This hospital’s experience also serves as a good reminder for all organizations to implement sound security practices across the enterprise. For example, a good backup solution is perhaps the best protection against a ransomware attack. In addition to performing regular backups of all files, it is essential to develop and test a full procedure for restoring from backups so that the process can go smoothly if it is ever needed. In addition, since ransomware is often spread through user error or ignorance, it is important to train all users to spot and report suspicious files and activity. The threat of ransomware also reminds organizations of the importance of segmentation, to ensure that an issue that affects one area of the network does not necessarily affect another part of the network.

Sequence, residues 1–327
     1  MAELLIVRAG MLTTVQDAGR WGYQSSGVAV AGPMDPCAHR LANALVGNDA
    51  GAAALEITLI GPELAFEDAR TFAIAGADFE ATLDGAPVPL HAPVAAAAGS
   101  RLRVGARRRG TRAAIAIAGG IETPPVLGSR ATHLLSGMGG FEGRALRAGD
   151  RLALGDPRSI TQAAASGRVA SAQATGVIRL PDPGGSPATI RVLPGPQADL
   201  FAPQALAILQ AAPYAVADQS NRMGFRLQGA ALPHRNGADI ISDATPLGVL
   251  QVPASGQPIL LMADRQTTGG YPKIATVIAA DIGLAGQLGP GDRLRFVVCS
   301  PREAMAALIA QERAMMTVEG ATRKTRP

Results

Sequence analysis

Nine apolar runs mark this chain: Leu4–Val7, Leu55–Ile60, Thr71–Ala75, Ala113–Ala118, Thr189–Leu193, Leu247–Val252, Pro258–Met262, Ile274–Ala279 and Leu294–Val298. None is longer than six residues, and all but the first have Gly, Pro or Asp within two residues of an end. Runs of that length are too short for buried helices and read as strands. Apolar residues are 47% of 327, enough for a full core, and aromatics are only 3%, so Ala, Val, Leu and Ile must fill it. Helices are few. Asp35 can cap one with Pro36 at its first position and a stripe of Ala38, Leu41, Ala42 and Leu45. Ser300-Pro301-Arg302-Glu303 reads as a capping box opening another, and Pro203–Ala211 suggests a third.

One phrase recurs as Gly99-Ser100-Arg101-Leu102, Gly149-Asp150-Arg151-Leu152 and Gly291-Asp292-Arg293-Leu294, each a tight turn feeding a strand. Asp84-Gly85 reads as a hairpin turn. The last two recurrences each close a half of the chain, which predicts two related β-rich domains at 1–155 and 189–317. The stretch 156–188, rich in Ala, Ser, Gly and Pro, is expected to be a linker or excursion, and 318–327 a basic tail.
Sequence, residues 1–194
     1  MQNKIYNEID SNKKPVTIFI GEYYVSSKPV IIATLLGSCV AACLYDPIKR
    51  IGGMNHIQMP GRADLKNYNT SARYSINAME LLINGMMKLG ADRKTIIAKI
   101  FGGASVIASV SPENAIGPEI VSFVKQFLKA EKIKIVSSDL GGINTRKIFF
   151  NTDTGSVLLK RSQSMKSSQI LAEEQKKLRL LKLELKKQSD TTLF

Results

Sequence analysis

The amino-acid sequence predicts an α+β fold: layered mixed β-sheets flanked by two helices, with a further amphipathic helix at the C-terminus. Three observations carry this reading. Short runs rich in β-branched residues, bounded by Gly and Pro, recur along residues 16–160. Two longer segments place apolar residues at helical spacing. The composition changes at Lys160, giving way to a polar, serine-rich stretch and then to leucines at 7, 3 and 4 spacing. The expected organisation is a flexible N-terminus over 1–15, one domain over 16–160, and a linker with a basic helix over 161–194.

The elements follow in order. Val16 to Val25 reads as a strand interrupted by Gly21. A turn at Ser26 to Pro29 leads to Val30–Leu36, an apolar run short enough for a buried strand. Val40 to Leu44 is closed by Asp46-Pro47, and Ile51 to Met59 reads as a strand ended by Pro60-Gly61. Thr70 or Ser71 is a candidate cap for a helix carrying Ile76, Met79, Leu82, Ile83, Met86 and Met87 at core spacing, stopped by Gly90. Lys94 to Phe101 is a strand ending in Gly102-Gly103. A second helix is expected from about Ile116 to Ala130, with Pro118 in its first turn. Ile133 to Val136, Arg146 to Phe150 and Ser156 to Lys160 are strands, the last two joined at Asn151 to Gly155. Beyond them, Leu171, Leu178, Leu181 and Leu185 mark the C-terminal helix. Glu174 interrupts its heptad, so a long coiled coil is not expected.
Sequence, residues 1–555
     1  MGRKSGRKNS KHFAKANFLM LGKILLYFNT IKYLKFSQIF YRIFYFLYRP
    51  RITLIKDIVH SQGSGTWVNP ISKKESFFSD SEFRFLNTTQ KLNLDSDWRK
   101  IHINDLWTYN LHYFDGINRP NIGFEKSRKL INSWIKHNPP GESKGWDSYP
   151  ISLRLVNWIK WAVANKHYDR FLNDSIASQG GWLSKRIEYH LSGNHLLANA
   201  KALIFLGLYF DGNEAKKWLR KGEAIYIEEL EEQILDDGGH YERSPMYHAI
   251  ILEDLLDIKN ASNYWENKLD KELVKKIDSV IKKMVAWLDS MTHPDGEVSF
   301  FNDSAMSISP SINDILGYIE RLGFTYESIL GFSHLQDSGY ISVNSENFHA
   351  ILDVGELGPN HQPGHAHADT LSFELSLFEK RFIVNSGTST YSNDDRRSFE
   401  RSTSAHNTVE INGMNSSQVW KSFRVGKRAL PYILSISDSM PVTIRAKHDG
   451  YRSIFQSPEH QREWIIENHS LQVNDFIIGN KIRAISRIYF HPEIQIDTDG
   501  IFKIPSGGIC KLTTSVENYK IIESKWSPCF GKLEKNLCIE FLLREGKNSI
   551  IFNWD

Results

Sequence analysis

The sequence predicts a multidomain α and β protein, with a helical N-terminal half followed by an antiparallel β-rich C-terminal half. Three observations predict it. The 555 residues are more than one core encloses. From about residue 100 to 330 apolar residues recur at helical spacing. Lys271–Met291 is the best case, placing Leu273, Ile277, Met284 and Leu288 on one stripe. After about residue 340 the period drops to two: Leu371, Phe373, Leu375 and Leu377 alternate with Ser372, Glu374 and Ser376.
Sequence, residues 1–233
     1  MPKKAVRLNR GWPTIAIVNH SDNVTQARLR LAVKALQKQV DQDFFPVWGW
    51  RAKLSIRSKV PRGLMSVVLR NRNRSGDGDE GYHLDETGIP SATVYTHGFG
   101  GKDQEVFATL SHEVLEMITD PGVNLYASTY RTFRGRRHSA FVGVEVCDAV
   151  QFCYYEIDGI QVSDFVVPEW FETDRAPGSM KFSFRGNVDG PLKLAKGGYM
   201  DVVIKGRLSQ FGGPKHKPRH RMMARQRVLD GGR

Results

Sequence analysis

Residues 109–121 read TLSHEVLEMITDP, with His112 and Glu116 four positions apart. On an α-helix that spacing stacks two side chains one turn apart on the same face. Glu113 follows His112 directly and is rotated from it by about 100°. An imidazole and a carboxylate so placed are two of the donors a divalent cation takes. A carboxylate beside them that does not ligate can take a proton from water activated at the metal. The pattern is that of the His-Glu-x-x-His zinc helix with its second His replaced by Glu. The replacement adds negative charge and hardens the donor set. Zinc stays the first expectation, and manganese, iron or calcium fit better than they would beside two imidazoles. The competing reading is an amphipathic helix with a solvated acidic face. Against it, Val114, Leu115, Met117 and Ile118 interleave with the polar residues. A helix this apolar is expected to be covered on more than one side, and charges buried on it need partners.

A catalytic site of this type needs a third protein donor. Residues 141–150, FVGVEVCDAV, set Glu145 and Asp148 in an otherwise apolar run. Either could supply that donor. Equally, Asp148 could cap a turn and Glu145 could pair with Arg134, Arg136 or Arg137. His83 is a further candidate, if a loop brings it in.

Though all organizations have potential risk for ransomware, hospitals in particular are prime targets because they are more likely to pay the ransom quickly to avoid lost revenue, the inability to treat patients and potential lawsuits. A ransomware assessment can help organizations evaluate their risk and test their procedures for preventing and responding to attacks. The results of this kind of assessment also help security and IT personnel advocate for better tools and increased budgets. Instead of speaking of ransomware hypothetically, our ransomware assessment provides concrete evidence for validating the risk an organization has to ransomware.